The Volcanic Peaks of San Luis Obispo County

This is a historial post from Hiking the California Trail, a 1998/2002 book set by Bob Lorentz and Richard Nichols. Where possible an update has been provided.

Morro Rock rises 576 feet like a sentinel above the Coastal Trail and the mouth of Morro Bay, visible for miles on a clear day. In 1542 Cabrillo named the rock “El Moro’ (the Moor) for its dark countenance. But when Portola camped nearby in 1769, he noted the presence of”a rounded morro” (promontory) at the mouth of the estuary. Morro Rock is actually a volcanic plug, the only remnant of a volcanic peak that stood over 20 million years ago. The igneous basalt of Morro Rock was the molten core of the volcano, which in this case never flowed out of the volcano’s crater. Over time the softer outer rock of the volcano eroded away, leaving only the plug in place. Only 120 years ago Morro Rock stood 1000 feet off the mainland shore, with the entrance to Morro Bay on its north side. Then, between 1880 and / 969, more than one million tons of rock were quarried from the inland face of Morro Rock, used to build the breakwaters of Morro Bay and San Luis Bay. Morro Rock was connected to the mainland and a new harbor channel dredged south of the rock and breakwater. Ironically, the quarrying sculpted a more dramatic vertical face for the rock as viewed from shore. In 1969 the rock was preserved in Morro Rock Ecological Preserve to protect the soaring peregrine falcons that nest there.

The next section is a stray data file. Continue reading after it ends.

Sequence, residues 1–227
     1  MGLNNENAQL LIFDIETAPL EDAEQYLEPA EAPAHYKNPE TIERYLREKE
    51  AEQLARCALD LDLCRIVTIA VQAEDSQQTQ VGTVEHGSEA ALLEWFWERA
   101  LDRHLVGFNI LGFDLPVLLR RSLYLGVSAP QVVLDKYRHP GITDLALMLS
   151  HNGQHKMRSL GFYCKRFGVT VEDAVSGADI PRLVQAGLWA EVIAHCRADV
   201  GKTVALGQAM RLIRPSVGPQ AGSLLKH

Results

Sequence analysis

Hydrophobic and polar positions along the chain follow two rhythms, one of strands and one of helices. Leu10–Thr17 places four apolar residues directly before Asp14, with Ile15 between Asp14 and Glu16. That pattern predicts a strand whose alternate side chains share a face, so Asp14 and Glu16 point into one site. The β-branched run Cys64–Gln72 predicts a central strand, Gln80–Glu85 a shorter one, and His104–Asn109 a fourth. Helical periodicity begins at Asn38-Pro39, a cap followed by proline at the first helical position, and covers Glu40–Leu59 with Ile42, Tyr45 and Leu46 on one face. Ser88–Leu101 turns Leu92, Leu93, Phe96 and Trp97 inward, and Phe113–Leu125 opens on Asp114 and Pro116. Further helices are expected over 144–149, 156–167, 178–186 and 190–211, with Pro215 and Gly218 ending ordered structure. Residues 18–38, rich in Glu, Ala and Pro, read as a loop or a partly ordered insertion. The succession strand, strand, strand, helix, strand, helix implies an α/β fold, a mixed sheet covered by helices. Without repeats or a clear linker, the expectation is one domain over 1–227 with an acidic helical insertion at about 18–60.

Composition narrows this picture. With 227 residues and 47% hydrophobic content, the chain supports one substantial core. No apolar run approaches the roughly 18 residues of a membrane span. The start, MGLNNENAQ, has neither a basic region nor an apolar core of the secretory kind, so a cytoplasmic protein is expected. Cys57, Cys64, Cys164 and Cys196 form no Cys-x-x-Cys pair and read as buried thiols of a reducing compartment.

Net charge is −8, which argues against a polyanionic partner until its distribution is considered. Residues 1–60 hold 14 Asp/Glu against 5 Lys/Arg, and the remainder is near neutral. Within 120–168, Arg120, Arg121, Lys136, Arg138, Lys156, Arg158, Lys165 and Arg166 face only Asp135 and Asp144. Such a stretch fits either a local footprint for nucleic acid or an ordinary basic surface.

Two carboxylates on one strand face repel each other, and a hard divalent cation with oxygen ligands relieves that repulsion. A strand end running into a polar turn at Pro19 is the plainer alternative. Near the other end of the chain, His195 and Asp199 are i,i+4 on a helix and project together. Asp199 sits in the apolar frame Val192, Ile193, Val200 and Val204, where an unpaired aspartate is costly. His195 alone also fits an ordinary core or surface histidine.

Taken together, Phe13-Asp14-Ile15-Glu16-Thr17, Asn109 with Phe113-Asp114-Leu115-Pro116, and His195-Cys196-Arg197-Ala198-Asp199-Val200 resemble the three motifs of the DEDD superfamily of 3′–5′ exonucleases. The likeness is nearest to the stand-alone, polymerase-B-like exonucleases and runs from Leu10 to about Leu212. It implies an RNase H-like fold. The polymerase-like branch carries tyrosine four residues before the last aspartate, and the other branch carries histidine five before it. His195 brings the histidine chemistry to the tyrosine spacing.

Morro Rock is the most famous of a chain of nine volcanic peaks highlighting the landscape between Morro Bay and San Luis Obispo. All of them formed beneath the Pacific long before being uplifted onto the expanding continent. From Turri Road you can see Black Hill, Cerro Cabrillo and Hollister Peak. Cerro Romualdo and Chumash Peak are visible from Los Osos Valley Road. The tallest of the plugs, 1546 foot Bishop Peak and nearby Cerro San Luis Obispo can be seen from Foothill Boulevard and most of San Luis Obispo. Islay Hill, the southernmost of the peaks rises east of the San Luis Obispo Airport.

For a grand view from the top of one of the volcanic peaks, head for Morro Bay State Park and make the 3-mile round trip ascent of Black Hill. From the 66 l-foot summit you’ll see several of the volcanic plugs and a breathtaking view of Morro Bay and the surrounding coast.

Originally Published in Hiking the California Coastal Trail: Guide to Walking the Golden State's Beaches and Bluff from Border to Border - Volume Two: Monterey to Mexico by Bob Lorentzen and Richard Nichols
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